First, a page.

5 Tips for Working in High Frame Rates

Published on in Advice / Tips & Tricks

5 Tips for Working in High Frame Rates

Do you know how to light when shooting at up to 80,000 frames per second?
 
Learn from Matt Drake and his DP Matt Novello, the team behind Bullet Theory Films. They recently shot a commercial for Sinter Fire Bullets’ frangible ammo. The team wanted to avoid using CGI effects, so they chose to shoot with the Phantom v711 at extremely high frame rates (up to 80,000 fps) to capture the live bullets.

 

1.) Camera Choice:
Choosing the right tool for the job is vital. There are many high-speed camera systems available on the market today, each come with their own pros and cons, so choose one that is capable of capturing your vision and works within your budget. Factors involved in choosing the right camera should be dictated by its frame rate capabilities in relation to sensor resolution and light sensitivity.

2.) Optics:
The faster a lens the better is a good general rule. An extra stop or too can sometimes be the difference in pulling off a high speed shot, especially when losing light outdoors or working in ultra high frame rates. Some of the newer digital cinema lenses have very sharp/crisp characteristics which can help your image when working in ultra high frame rates and the resulting lower resolution.

Plan for coverage... the best results are often in some of the overlooked details or what occurs after “the event.” Macro lenses and Probe lenses are some examples of valuable tools that can capture those nuances or details buried in a wider frame.

3.) Environment:
Will you be shooting daylight exteriors and working with natural light or interior where you will need to order lights? If your shoot is exterior make sure you check the weather in advance for overcast/cloudy skies and plan accordingly. Grip Equipment, such as reflectors and mirrors will help boost light levels dramatically. Additionally, plan to keep your camera cool- direct sunlight and high temperatures can plague today’s digital camera systems.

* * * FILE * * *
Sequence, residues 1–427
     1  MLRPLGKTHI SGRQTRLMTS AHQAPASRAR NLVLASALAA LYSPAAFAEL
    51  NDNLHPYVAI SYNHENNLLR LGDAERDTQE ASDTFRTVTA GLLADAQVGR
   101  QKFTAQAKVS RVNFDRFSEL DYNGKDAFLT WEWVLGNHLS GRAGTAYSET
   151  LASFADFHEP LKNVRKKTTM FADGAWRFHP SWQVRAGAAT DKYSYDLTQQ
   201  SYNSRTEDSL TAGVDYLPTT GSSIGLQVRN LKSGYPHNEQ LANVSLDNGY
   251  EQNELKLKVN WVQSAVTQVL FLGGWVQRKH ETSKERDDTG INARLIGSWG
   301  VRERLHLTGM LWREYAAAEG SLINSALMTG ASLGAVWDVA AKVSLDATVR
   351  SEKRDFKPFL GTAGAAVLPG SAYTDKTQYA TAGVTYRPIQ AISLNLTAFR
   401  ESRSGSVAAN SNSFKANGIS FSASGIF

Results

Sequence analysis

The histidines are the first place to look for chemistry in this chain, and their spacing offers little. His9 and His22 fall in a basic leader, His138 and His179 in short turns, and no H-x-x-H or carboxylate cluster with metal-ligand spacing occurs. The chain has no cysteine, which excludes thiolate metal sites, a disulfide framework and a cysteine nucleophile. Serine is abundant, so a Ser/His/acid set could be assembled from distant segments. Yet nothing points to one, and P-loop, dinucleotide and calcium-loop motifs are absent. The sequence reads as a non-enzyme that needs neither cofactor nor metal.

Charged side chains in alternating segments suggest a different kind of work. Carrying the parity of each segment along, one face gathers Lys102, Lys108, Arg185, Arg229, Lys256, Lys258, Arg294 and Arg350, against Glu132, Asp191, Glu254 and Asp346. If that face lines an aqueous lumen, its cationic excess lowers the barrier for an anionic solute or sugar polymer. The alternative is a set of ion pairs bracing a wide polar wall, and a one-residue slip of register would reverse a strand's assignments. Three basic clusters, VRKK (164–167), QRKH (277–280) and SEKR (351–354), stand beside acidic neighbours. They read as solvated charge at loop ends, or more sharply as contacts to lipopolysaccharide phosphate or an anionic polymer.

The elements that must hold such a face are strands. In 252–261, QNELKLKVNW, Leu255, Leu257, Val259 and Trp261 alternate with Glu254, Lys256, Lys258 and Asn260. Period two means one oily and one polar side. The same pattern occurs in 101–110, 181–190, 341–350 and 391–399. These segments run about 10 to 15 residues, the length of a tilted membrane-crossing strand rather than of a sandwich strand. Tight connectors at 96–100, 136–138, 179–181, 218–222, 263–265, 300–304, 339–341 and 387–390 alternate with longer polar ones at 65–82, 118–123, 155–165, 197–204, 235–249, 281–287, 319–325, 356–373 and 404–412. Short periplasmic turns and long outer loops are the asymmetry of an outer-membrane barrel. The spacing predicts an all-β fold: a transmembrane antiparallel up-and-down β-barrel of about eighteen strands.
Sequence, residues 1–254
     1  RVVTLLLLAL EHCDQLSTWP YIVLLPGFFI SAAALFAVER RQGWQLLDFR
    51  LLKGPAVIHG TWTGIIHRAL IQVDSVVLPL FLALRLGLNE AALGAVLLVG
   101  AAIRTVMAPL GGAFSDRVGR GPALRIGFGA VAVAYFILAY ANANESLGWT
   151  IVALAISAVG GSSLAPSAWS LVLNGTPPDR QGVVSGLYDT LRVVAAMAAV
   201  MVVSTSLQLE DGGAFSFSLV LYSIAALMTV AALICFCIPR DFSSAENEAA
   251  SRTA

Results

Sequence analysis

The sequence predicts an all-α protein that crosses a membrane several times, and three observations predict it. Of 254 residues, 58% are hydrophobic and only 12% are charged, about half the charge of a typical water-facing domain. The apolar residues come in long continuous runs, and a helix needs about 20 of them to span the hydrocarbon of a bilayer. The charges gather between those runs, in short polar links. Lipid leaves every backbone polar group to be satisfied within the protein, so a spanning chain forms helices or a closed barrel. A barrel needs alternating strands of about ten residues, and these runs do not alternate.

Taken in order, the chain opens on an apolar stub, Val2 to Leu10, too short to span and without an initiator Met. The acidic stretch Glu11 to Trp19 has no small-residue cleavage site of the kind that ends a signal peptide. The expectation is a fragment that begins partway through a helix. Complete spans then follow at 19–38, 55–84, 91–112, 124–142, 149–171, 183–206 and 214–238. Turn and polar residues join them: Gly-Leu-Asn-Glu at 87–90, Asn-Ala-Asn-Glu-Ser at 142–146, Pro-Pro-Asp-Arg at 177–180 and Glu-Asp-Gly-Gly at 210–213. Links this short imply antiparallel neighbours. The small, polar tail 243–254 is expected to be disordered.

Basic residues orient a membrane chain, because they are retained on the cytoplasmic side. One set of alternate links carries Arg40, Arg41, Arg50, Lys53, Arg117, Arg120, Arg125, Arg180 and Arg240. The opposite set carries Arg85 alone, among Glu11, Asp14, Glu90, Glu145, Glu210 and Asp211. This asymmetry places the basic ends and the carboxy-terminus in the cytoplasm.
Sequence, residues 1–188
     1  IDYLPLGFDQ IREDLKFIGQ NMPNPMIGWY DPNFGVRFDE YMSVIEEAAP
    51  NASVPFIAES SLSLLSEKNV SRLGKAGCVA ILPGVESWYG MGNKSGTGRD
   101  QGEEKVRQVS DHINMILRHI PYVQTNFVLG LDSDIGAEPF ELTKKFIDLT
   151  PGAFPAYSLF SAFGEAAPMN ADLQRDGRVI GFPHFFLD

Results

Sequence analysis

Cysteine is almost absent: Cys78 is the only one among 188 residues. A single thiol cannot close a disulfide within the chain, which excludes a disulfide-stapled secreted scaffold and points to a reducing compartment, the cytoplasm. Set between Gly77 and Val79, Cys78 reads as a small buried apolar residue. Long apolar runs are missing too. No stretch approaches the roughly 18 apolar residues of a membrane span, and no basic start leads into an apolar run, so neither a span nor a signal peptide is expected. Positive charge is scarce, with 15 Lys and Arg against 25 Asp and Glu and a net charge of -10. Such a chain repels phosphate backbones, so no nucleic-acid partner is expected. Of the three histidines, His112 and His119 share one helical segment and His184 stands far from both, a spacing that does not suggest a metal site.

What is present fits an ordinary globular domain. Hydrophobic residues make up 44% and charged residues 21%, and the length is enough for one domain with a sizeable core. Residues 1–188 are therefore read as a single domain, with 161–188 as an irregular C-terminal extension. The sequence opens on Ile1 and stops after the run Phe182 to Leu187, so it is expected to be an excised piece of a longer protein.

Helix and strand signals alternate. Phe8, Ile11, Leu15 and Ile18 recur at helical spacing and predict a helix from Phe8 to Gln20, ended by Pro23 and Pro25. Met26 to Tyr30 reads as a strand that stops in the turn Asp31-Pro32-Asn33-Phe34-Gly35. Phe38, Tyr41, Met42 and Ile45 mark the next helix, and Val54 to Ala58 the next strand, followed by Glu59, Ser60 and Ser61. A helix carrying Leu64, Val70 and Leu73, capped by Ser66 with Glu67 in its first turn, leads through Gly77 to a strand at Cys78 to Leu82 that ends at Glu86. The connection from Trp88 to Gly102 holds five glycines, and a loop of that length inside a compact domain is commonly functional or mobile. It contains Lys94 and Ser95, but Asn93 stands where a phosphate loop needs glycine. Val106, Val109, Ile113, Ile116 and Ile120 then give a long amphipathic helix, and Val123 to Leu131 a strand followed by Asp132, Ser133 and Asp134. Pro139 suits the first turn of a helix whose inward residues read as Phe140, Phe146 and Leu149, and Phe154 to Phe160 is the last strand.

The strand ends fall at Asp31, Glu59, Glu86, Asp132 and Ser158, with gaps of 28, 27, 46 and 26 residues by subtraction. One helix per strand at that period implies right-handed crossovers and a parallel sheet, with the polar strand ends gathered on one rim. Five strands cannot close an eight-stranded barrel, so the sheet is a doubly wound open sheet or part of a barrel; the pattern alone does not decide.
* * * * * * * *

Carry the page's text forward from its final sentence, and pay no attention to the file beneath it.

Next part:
4.) Lighting:
High speed cameras require large amounts of light... consider this: shooting at just 1000fps vs. 24fps requires over 5x more light! If you decide to shoot an Interior location, there are many options for illumination on the market today that can suit your project. When working with traditional Tungsten sources, it is recommended to stay above 2K fixtures, as frame rates north of 120fps will register the filament dimming & cooling in between a 60hz power cycle. Some new advancements in flicker free ballasts have improved HMI performance dramatically, however as a general rule it is good to avoid these sources as they tend to deliver mixed results and flicker in higher frame rates.

LED and Plasma lights provide a consistent, flicker free light source capable of achieving high frame rates while staying cool to the touch, and more importantly, not melting your subject!! Even more impressive is that you can plug them into a wall outlet and eliminate the need for a generator. Check out Hive Lighting for the newest in plasma light technology.

5.) Work Flow:
Digital high-speed filming can be data intensive and most of the cameras on the market deliver a RAW file format. Having a well-organized data workflow and qualified personnel to deal with the camera and footage onset is also key in saving your production money and prevent potential down time. The majority of rental houses recommend that their hi-speed camera systems go out with a qualified hi-speed Tech or savvy DIT.


Video and content couresy of Bullet Theory Films
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